Slalom with a twist
VAIL – Stephani Victor threw some freestyle moves into her slalom race Sunday, but not on purpose.”I have to remind myself that you don’t get extra points for doing 360s,” said Victor, who was the champion female sit-skier Sunday during the final race of the U.S. Disabled Alpine Championships at Golden Peak in Vail. Victor, who lost both her legs in 1995 when an out-of-control car swerved and pinned her against another car she was standing behind, was shaping up to be “the silver medal girl.” She took second in last week’s downhill, super-G and giant slalom races. In slalom however, she edged out U.S. Ski Team member and DH, SG and GS champ Laurie Stephens for the gold, but not before she caught the tip of her mono-ski while taking a gate, did a complete spin, found herself facing downhill again, and went on to win the race.”It was beautifully orchestrated,” she said. “I spun directly between the two gates and didn’t miss a thing. It’s been a battle all week to beat Laurie.”Victor finished with a two-run combined time of 1 minute, 46.92 seconds, Stephens, who missed a gate and had to return uphill to catch it, took silver in 1:56.81, and Luba Lowery rounded out the podium in 2:15.30.
After a crash in Saturday’s GS he claimed was his worst all season, U.S. Ski Team veteran Christopher Devlin-Young came back to win the men’s sit-ski event with a time of 1:32.01.”It was a good day,” said Devlin-Young, who won last week’s downhill and super-G before crashing in GS. “That fall (Saturday) was the worst I’ve had. I have a classic tipping mistake that really got me. I was upset, but it lasted about 10 minutes. The urge to go home and cry in my soup was less than my urge to be a good sport.”Devlin-Young, who is a two-time Paralympic and World Championships gold medalist, was paralyzed from the knees down in a plane crash 23 years ago. Besides becoming a ski racer since the accident, he has dabbled in extreme skiing in Crested Butte, builds wheelchair-access furniture in the off season, and has launched his own disabled ski team.Saturday’s giant slalom champ Tyler Walker wasn’t close behind Sunday, taking silver with a time of 1:34.70. Carl Burnett landed bronze in 1:37.81.Monte Meier, who has skied with the U.S. Disabled Team for 14 years and finished second in this year’s World Cup slalom standings and fifth overall, made a U.S. Championships comeback Sunday, winning the men’s standing skier race with a time of 1:36.05.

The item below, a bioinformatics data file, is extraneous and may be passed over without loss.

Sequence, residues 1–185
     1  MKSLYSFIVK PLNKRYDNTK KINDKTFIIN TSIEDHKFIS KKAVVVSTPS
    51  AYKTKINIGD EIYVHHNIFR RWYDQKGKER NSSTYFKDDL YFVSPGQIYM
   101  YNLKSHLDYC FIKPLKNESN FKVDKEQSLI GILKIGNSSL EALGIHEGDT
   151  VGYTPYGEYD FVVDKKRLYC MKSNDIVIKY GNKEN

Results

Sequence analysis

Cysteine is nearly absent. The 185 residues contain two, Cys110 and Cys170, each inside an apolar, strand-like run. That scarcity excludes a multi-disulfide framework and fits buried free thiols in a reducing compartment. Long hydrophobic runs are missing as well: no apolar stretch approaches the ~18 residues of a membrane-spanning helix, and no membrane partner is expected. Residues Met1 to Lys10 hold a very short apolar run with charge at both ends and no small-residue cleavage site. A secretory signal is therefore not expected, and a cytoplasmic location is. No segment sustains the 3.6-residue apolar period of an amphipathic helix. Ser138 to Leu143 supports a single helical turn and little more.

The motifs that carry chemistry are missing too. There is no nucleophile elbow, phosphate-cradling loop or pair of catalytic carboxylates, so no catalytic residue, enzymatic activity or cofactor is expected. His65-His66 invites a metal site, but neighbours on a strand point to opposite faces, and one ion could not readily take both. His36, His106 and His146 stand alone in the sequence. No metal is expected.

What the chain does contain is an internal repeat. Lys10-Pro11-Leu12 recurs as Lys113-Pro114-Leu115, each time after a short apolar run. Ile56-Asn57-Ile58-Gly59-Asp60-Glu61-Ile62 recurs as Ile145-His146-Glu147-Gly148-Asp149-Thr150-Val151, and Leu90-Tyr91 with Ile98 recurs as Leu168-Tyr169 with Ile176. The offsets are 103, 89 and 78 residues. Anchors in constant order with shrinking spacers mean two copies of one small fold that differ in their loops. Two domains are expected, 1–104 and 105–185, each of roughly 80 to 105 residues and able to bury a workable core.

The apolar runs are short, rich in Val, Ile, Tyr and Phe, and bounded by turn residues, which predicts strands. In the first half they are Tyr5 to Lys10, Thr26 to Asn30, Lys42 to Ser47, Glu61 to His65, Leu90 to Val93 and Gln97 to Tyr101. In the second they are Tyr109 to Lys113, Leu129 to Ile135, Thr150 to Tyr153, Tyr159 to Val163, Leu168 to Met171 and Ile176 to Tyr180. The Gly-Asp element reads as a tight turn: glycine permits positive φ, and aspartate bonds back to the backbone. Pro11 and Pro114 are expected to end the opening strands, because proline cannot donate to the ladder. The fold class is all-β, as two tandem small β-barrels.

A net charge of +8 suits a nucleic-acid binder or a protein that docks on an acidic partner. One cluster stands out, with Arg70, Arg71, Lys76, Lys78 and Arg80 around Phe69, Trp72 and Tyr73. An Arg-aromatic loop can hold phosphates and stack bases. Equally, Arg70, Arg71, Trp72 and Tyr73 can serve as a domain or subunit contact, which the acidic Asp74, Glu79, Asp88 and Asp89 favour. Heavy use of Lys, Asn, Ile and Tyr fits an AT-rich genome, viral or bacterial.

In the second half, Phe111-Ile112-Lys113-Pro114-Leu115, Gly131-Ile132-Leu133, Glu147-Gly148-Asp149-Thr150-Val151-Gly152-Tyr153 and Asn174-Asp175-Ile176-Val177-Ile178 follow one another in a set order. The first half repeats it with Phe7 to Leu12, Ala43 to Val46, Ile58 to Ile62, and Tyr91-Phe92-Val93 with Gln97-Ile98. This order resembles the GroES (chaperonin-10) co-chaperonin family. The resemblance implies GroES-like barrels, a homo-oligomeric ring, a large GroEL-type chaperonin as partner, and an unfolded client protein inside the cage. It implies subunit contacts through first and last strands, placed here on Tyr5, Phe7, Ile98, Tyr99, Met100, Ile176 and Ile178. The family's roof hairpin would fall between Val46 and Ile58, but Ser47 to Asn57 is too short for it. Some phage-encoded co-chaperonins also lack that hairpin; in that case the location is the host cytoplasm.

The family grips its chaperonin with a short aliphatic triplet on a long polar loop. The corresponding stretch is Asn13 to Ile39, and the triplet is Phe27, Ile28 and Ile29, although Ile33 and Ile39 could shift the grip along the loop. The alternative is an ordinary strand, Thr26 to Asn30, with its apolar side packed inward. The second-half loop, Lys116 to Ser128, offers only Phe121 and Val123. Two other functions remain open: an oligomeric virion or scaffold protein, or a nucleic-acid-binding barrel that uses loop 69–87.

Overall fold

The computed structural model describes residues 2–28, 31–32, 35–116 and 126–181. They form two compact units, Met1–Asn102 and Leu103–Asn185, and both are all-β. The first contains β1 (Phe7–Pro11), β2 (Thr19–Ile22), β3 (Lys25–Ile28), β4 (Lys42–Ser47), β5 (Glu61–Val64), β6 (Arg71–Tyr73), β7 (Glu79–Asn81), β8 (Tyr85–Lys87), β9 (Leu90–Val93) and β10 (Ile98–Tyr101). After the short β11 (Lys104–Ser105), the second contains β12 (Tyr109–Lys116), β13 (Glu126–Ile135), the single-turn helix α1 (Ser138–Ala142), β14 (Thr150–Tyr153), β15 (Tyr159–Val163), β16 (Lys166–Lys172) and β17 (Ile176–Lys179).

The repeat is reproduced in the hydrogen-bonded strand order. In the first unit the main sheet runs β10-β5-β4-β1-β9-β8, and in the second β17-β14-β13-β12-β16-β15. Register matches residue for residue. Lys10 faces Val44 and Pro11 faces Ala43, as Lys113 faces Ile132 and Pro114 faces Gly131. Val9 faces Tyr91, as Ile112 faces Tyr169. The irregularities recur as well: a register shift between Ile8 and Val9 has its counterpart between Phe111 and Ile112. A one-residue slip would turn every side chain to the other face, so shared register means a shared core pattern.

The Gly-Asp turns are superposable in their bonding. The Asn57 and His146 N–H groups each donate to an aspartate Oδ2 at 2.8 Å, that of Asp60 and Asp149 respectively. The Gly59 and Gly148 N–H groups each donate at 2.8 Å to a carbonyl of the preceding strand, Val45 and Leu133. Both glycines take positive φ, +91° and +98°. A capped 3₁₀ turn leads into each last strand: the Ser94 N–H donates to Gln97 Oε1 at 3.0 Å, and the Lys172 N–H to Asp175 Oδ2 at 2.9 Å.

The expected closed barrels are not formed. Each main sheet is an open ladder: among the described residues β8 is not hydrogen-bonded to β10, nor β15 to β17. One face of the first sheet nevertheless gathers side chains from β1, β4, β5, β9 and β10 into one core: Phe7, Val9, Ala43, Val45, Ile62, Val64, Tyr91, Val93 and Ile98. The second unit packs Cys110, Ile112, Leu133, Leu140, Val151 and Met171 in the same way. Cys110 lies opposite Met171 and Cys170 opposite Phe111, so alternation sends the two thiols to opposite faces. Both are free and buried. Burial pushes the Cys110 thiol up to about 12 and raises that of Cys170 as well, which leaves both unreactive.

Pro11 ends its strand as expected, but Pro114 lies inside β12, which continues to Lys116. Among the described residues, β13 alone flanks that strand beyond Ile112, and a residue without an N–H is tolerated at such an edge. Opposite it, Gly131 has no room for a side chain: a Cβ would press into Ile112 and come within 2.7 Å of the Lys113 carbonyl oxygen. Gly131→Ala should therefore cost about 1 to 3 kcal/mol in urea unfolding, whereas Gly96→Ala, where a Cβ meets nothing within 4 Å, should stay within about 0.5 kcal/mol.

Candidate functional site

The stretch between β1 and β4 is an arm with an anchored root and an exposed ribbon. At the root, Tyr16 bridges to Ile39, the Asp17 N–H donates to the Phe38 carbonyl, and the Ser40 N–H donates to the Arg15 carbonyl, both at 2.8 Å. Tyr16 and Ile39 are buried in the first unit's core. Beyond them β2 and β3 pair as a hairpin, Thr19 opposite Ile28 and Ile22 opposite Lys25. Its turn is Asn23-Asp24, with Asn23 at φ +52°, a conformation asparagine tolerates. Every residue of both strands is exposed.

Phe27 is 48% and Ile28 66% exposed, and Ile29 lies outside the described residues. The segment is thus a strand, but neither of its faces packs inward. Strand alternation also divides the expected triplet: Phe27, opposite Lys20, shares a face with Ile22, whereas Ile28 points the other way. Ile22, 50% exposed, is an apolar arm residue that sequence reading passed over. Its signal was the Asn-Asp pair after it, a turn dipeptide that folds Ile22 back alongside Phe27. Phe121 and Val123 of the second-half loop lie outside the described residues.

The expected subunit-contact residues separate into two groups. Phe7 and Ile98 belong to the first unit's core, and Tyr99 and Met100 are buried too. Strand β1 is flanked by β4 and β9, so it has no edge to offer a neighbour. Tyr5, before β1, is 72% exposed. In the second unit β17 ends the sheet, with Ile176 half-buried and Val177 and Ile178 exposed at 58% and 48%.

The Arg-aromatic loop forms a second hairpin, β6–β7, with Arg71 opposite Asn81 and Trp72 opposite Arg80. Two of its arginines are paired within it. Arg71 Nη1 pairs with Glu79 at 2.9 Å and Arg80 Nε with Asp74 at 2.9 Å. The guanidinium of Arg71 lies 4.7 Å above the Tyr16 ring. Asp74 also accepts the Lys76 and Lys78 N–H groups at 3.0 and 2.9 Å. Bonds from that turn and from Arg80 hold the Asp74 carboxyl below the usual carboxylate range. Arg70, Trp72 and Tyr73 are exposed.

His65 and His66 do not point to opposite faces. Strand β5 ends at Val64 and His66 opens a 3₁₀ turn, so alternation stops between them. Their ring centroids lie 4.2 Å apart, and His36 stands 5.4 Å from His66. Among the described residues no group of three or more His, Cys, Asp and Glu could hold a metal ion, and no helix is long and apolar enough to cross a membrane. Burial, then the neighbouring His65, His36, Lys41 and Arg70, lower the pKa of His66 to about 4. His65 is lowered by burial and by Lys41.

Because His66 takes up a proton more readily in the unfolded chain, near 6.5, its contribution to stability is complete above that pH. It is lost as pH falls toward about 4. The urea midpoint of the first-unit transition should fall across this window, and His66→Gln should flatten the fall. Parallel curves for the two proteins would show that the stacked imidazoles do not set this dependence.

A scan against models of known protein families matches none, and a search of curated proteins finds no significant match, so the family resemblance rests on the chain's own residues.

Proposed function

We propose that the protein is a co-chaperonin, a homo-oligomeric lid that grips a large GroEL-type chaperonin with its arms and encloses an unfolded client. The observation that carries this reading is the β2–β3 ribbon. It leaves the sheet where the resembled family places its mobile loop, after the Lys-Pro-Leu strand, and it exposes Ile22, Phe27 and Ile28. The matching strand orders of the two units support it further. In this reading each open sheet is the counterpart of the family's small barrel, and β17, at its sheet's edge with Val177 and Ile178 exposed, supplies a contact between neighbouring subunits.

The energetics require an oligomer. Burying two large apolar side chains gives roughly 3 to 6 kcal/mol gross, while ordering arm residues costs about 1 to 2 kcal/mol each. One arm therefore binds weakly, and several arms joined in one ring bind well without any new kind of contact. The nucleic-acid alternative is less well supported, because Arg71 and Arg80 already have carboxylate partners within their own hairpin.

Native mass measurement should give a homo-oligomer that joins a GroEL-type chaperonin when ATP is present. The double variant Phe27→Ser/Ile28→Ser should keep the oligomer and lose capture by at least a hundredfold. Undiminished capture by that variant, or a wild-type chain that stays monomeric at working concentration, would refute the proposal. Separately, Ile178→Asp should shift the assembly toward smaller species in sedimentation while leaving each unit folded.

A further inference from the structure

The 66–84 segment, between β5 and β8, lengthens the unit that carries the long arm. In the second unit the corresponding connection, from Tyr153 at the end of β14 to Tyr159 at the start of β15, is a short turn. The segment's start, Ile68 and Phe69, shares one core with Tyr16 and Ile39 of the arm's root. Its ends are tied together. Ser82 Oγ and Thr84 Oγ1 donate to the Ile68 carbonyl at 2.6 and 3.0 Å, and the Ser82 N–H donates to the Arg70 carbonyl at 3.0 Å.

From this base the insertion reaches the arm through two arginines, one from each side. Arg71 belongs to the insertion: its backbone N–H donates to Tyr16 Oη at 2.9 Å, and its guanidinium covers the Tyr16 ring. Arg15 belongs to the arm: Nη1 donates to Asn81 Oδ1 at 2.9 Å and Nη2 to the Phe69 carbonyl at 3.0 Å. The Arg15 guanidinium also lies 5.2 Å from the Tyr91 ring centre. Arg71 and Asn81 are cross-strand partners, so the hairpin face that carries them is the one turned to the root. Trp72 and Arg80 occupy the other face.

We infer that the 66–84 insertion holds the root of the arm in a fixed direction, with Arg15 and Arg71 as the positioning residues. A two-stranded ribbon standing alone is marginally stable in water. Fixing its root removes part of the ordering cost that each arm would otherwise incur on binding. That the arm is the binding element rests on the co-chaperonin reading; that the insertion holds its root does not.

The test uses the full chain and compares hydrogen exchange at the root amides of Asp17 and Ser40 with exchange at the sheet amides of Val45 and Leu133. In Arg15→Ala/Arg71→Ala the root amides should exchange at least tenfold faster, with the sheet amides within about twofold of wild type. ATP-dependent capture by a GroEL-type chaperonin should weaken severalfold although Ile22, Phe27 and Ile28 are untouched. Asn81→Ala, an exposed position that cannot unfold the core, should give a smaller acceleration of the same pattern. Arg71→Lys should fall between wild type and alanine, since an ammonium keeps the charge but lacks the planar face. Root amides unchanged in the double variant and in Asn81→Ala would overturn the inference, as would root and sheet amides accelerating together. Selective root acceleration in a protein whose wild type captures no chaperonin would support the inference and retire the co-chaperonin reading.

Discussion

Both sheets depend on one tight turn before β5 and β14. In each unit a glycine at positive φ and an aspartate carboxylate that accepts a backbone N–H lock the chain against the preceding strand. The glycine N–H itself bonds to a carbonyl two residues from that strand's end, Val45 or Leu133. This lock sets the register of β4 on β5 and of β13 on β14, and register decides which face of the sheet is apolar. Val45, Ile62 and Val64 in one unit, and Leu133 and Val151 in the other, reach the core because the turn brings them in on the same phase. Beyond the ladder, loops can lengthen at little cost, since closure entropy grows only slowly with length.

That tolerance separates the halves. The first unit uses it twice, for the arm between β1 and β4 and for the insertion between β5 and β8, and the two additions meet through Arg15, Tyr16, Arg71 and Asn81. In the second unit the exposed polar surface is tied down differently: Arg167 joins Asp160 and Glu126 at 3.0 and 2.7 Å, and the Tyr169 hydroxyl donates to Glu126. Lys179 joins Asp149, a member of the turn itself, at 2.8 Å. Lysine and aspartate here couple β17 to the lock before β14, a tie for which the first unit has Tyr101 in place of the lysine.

“Slalom is my stronghold,” Meier said. “You get so tired after a long week of racing. I had to dig deep, but I found a little something in there.”Meier, who lost his leg in a garden-tilling accident when he was 8 years old, DNFed in Saturday’s GS, took sixth in super-G and fourth in downhill. John Whitney was a close second in 1:36.69, and Clay Fox took bronze in 1:37.35.German racer Reinhild Moller, who won Saturday’s GS and has won 15 Paralympic gold medals in her career, took gold again Sunday in the female standing skier category, finishing with a time of 1:49.84. U.S. Team racer Sandy Dukat was second in 1:50.96 and Elitsa Storey third in 1:53.31.”I was glad to finish so close to Reini,” said Dukat, who just started skiing in 1998 and who currently resides in Vail. “I feel good finishing this way because now, everything is looking towards the Paralympics.”
Dukat made a clean sweep of silver medals in all four Championship races. The event marked the first time she’s been competitive since a concussion ended her World Cup season earlier than planned last month.”I’m retiring after next year’s Paralympics, so yeah … I’m really trying to enjoy everything right now,” she said.The U.S. Disabled Team will select three or four new members later this week, partially based upon results from the past four races.Staff Writer Shauna Farnell can be reached at 949-0555, ext. 610, or email@example.com.Vail, Colorado